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Next wave of ID thefts targeting kids SSNs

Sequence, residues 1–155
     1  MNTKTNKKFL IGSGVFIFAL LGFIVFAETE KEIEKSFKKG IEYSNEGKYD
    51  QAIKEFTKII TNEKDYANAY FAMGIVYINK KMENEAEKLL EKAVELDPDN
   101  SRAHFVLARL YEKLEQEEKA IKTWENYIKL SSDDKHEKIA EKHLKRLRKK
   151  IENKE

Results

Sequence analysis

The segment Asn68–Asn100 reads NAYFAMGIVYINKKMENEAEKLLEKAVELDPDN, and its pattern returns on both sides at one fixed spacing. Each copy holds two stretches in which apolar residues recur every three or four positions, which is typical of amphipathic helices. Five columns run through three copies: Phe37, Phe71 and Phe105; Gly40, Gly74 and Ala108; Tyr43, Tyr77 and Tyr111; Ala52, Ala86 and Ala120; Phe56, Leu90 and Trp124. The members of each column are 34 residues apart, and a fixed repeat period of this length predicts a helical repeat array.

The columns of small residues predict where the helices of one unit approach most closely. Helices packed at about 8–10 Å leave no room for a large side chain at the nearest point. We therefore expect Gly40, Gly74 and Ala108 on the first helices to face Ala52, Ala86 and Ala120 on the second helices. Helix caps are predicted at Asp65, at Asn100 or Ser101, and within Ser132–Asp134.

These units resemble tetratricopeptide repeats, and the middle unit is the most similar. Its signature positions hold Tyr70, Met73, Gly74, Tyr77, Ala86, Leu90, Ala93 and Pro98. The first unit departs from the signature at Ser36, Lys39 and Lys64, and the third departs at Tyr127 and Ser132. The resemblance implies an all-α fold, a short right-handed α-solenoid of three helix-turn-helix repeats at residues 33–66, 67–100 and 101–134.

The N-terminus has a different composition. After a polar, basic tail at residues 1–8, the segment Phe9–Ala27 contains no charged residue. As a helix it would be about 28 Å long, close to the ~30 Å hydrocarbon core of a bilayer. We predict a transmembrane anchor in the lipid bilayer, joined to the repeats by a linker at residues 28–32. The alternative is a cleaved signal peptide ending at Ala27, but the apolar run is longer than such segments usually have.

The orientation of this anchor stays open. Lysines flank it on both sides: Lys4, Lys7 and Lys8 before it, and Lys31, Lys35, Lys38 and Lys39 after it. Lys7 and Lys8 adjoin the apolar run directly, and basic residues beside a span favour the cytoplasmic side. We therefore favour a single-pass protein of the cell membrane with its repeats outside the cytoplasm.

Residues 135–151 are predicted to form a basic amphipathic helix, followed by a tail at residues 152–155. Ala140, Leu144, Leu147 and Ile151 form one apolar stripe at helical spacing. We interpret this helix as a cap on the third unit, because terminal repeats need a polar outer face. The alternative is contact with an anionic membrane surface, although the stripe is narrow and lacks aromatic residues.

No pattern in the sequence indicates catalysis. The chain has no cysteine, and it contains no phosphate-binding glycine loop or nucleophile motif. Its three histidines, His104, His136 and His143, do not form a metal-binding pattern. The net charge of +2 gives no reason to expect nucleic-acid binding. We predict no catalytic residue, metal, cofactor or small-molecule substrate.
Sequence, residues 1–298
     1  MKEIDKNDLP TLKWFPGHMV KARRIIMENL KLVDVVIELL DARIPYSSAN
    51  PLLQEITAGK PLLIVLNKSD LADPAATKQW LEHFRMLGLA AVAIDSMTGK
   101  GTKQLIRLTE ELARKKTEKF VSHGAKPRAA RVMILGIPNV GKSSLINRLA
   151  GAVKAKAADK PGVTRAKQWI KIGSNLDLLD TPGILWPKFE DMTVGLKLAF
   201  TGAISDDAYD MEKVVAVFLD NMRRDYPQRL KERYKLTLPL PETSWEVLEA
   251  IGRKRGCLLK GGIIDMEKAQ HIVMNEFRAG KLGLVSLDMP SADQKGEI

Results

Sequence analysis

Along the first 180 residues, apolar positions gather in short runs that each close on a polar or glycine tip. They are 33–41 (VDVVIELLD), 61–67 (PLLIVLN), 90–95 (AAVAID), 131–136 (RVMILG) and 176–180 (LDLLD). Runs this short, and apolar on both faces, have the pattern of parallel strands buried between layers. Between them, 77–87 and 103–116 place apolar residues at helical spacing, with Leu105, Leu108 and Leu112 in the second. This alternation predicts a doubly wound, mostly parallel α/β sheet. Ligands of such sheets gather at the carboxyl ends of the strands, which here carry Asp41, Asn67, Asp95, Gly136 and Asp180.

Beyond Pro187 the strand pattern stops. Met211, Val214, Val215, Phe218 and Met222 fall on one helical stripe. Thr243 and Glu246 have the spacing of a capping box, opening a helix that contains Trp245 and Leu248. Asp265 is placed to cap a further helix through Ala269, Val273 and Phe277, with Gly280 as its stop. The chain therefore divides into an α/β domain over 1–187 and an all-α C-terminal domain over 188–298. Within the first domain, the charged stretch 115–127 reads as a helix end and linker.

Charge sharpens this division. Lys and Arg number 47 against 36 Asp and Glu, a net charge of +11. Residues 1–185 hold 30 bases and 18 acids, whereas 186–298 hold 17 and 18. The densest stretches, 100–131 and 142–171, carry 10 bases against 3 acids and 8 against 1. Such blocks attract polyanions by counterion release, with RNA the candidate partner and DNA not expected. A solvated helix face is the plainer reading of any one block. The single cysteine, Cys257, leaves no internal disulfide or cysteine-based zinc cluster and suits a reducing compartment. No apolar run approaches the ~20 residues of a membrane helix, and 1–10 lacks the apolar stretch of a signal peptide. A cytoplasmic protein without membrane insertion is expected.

KANSAS CITY, Mo. (8/4/10)--Identity thieves are beginning to steal Social Security numbers of children, long before they're ready for a savings or checking account or a credit score--and that could threaten the nation's credit system, said an Associated Press report (TheSunNews.com Aug. 3). The thefts could be a problem for credit unions and other financial institutions because they rely on credit scores from FICO, Experian, TransUnion and Equifax. But those scores could contain false information, planted by people who use stolen Social Security numbers to piggyback on the credit of someone else, according to Kansas City law enforcement agents. Kansas City Assistant U.S. Attorney Linda Marshall and Julie Jensen, a special agent with the Federal Bureau of Investigation's office in Kansas City, said that in the fraud, online businesses use computers to locate dormant Social Security numbers, usually of children or long-term prison inmates who don't use them. The companies sell the numbers under another name to people who establish phony credit and run up huge debts without intending to pay. The sellers skirt the law by referring to the Social Security numbers as "credit privacy numbers" or CPNs. They are also called "credit profile numbers" and "credit protection numbers." Jensen discovered the scheme and says it is easy to create a false credit score using the CPNs, said the article. The crooks have years to use the numbers before the child is old enough to apply for credit. That makes the fraud difficult to detect, and authorities can't estimate how prevalent the practice is. The fraud is emerging because 25.5% of consumers have credit scores of 599 or below, which means they're poor credit risks. Many credit decisions are based on the credit scores provided by FICO and the three major credit reporting bureaus. But Jensen says those credit scores could contain false information. FICO said it has tools for businesses to protect themselves, but the tools are expensive, the article said.
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